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ksaimouliBest ResponseYou've already chosen the best response.2
dw:1350910904638:dw
 one year ago

ParthKohliBest ResponseYou've already chosen the best response.0
That's also the point I reached. and then \(\rm \large x^2(x^{12 }1)  7 = 0\)
 one year ago

ParthKohliBest ResponseYou've already chosen the best response.0
And then I factored it by difference of squares continuously.
 one year ago

ParthKohliBest ResponseYou've already chosen the best response.0
Then I reached nothing.
 one year ago

ksaimouliBest ResponseYou've already chosen the best response.2
dw:1350910926540:dw
 one year ago

benzillaBest ResponseYou've already chosen the best response.0
X^14 x^2=7..........>X^2(X^121)...........>x^2(x1)(x^11+x^10.......) The second expression is prime so your two real roots are zero and one
 one year ago

UnkleRhaukusBest ResponseYou've already chosen the best response.0
\[x^{14}=7+x^2\]\[x^{14}x^2=7\]\[x^2(x^{12}1)=7\]
 one year ago

benzillaBest ResponseYou've already chosen the best response.0
oops i made a mistake I forgot the 7
 one year ago

benzillaBest ResponseYou've already chosen the best response.0
The equation is then xX2(x1)(x^11+x^10,,,,,,)=7
 one year ago

UnkleRhaukusBest ResponseYou've already chosen the best response.0
there are fourteen solutions
 one year ago

sauravshakyaBest ResponseYou've already chosen the best response.3
Just find real solutions.
 one year ago

benzillaBest ResponseYou've already chosen the best response.0
I set this to zero which made this come out in error. This needs an iterative process to solve.
 one year ago

mukushlaBest ResponseYou've already chosen the best response.0
if there are some answers they are in the range\[\rm 1<x<2\]
 one year ago

mukushlaBest ResponseYou've already chosen the best response.0
answer will be close to 1 so letting\[x^2 \approx1\]\[x^{14}=8\]\[x=\sqrt[14]{8}\]
 one year ago

mukushlaBest ResponseYou've already chosen the best response.0
actually\[x\approx\pm\sqrt[14]{8}\]
 one year ago

sauravshakyaBest ResponseYou've already chosen the best response.3
What kind of solution is that???
 one year ago

mukushlaBest ResponseYou've already chosen the best response.0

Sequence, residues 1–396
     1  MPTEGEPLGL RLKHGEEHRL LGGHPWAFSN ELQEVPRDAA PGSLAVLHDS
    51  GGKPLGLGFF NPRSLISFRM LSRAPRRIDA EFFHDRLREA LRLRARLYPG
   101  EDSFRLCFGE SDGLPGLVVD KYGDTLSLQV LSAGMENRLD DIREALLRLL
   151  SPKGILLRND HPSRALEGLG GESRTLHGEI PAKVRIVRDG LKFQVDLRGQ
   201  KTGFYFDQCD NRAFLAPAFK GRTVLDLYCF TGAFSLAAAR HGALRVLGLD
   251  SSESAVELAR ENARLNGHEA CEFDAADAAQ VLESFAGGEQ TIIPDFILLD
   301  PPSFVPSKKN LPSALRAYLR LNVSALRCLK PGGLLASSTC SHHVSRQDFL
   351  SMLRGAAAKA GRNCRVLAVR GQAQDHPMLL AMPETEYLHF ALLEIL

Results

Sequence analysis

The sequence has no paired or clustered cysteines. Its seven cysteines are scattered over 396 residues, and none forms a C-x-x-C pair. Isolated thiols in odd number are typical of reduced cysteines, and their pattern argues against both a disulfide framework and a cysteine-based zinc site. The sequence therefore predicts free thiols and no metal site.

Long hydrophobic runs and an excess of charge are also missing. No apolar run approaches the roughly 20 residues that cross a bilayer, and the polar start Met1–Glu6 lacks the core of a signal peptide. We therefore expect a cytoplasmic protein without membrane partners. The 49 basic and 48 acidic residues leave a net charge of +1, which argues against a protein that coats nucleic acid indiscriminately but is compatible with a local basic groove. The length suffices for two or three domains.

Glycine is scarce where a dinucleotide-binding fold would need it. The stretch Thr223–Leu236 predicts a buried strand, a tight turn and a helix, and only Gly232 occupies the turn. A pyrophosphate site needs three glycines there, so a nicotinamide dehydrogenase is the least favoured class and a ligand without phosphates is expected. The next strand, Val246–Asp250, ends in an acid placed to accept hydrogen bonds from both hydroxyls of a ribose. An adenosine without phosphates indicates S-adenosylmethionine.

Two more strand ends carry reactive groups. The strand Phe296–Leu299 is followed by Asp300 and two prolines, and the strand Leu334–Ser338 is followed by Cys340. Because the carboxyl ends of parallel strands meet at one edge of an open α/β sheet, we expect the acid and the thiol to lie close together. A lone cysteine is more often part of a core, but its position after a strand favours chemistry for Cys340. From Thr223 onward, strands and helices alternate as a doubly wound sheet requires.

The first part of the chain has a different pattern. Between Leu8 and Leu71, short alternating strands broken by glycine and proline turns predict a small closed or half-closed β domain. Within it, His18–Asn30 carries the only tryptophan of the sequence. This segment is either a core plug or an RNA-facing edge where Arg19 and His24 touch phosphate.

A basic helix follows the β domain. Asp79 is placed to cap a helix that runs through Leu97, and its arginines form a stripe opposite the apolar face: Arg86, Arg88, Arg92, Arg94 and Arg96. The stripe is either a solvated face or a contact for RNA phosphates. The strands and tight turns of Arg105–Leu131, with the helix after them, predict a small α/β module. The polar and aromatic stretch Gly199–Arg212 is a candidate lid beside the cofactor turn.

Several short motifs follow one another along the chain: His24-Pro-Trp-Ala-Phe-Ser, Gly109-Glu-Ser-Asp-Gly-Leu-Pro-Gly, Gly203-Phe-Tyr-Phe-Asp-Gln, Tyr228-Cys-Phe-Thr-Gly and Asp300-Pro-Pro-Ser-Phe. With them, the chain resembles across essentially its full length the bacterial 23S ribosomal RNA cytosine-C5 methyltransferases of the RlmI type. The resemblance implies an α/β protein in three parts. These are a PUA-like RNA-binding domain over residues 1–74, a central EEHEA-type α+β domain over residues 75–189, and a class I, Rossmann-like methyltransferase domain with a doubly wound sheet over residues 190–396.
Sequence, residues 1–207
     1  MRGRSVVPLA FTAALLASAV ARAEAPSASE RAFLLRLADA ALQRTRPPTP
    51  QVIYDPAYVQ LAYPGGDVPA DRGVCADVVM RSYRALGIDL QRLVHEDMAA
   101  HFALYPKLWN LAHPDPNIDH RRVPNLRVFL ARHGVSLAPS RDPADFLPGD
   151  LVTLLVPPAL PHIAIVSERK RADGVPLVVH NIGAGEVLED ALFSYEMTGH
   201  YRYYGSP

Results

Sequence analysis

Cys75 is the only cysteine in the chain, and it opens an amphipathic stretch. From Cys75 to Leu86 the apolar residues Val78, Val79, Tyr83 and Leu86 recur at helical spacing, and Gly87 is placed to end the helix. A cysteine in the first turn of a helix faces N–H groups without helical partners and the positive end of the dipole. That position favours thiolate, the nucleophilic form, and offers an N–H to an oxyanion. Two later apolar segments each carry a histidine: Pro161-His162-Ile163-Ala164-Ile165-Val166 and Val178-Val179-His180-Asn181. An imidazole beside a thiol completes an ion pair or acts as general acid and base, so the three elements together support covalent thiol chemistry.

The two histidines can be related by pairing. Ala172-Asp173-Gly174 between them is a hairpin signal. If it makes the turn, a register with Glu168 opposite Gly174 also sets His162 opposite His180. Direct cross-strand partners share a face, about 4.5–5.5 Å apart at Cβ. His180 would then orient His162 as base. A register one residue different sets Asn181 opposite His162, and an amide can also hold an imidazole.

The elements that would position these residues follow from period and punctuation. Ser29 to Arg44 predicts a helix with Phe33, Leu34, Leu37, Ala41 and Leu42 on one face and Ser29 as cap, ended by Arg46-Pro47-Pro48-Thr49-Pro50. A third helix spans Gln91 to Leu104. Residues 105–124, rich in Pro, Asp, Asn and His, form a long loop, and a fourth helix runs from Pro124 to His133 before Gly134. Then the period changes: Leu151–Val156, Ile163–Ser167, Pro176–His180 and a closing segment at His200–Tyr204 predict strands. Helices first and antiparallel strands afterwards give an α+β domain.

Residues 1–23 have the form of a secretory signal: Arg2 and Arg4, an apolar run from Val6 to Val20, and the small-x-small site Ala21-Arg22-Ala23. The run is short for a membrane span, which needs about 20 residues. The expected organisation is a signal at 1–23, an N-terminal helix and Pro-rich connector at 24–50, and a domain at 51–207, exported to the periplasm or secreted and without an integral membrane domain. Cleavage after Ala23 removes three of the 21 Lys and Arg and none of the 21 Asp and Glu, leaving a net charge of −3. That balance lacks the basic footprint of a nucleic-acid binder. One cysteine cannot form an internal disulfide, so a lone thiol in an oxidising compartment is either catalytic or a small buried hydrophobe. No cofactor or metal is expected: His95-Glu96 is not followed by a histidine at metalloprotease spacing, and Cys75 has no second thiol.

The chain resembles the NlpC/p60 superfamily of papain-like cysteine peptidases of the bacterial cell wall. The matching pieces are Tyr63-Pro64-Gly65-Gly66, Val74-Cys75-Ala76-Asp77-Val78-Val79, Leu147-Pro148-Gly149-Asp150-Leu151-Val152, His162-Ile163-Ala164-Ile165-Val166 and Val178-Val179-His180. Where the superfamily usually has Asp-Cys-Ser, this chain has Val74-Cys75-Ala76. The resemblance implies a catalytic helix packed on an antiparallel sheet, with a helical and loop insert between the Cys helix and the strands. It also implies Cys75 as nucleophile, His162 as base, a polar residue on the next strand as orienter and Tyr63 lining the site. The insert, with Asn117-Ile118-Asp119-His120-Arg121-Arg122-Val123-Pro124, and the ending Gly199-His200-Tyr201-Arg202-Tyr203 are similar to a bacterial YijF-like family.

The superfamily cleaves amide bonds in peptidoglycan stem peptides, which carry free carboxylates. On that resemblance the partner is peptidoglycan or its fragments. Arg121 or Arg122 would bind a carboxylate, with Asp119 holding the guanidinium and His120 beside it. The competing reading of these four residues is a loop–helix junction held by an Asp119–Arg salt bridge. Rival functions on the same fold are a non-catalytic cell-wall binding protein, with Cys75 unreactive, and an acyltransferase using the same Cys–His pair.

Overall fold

thats just a approximate solution...not exact
 one year ago

mukushlaBest ResponseYou've already chosen the best response.0
we have\[x\approx\pm\sqrt[14]{8}=\pm1.16\]comparing this with exact solutions http://www.wolframalpha.com/input/?i=x%5E14%3D7%2Bx%5E2 its a good approaximate :)
 one year ago

sauravshakyaBest ResponseYou've already chosen the best response.3
Yep... What about the exact solution.
 one year ago

sauravshakyaBest ResponseYou've already chosen the best response.3
I think it is irrational
 one year ago

mukushlaBest ResponseYou've already chosen the best response.0
well thats what engineers do...lets think like mathematicians
 one year ago

sauravshakyaBest ResponseYou've already chosen the best response.3
Let y=x^2 then, y^7=7+y y=(7+y)^(1/7)
 one year ago

sauravshakyaBest ResponseYou've already chosen the best response.3
dw:1350912581733:dw
 one year ago

sauravshakyaBest ResponseYou've already chosen the best response.3
And that gives:dw:1350912666885:dw
 one year ago

sauravshakyaBest ResponseYou've already chosen the best response.3
Thus, dw:1350912725583:dw
 one year ago

benzillaBest ResponseYou've already chosen the best response.0
Beyond a cubic function, there is not an equation like the quadratic. There are some relationships for some functions but what you have to do is yes as mukushla says trial and error. You take the number and keep plugging until you get close enough to the actual number. While we want a pure number, it will be hard to solve any other way.
 one year ago

ganeshie8Best ResponseYou've already chosen the best response.1
thats very much an exact solution :)
 one year ago

sauravshakyaBest ResponseYou've already chosen the best response.3
And @UnkleRhaukus from similar process the solution of x^3=1+x is dw:1350913011409:dw
 one year ago

UnkleRhaukusBest ResponseYou've already chosen the best response.0
hmm, good thinking
 one year ago

benzillaBest ResponseYou've already chosen the best response.0
If you want to try to find all factors here is a little more to warp the brain. It is all factored except for two cubic terms. X^2(x^3+i)(x^3i) (x1)[X1/2[(sqrt3)/2]i] [X1/2+[(sqrt3)/2]i](x+1) [X+1/2+[(sqrt3)/2]i] [X1/2[(sqrt3)/2]i]=7 X^2(X+i)(?)(Xi)(??) (x1)[X1/2[(sqrt3)/2]i] [X1/2+[(sqrt3)/2]i](x+1) [X+1/2+[(sqrt3)/2]i] [X1/2[(sqrt3)/2]i]=7 The ? and ?? can be factored however i am running out of time this morning. Good luck
 one year ago

benzillaBest ResponseYou've already chosen the best response.0
Here it is completely factored. I couldn't resist. A lot of fun but what a mess. You will see there are a lot of roots in this equation. X^2(X+i )(X +i/2 +[sqrt3]/2)(X+i/2[sgrt3]/2)(Xi)(Xi(1+sqrt3)/2)(Xi(1sqrt3)/2) (x1)[X+1/2(sqrt3)i] [X+1/2+(sqrt3)i](x+1) [X1/2+(sqrt3)i] [X1/2(sqrt3)i]=7 By zeros we know there are roots around +sqrt7 and sqrt7 and +1 (someone else found +1.16) and 1 which can be used to start your iteration. I went through this exercise to show how many roots there are in this equation. Good job on your work.
 one year ago

benzillaBest ResponseYou've already chosen the best response.0
Oh sorry +1/7 instead of +1. See this makes the eyes blur. The best iterative program is to subtract the error if your over and determine a ratio multiplier that wont overshoot the answer. You can do this with a simple loop.
 one year ago

benzillaBest ResponseYou've already chosen the best response.0
I meant over and under. It will converge to the answer.
 one year ago
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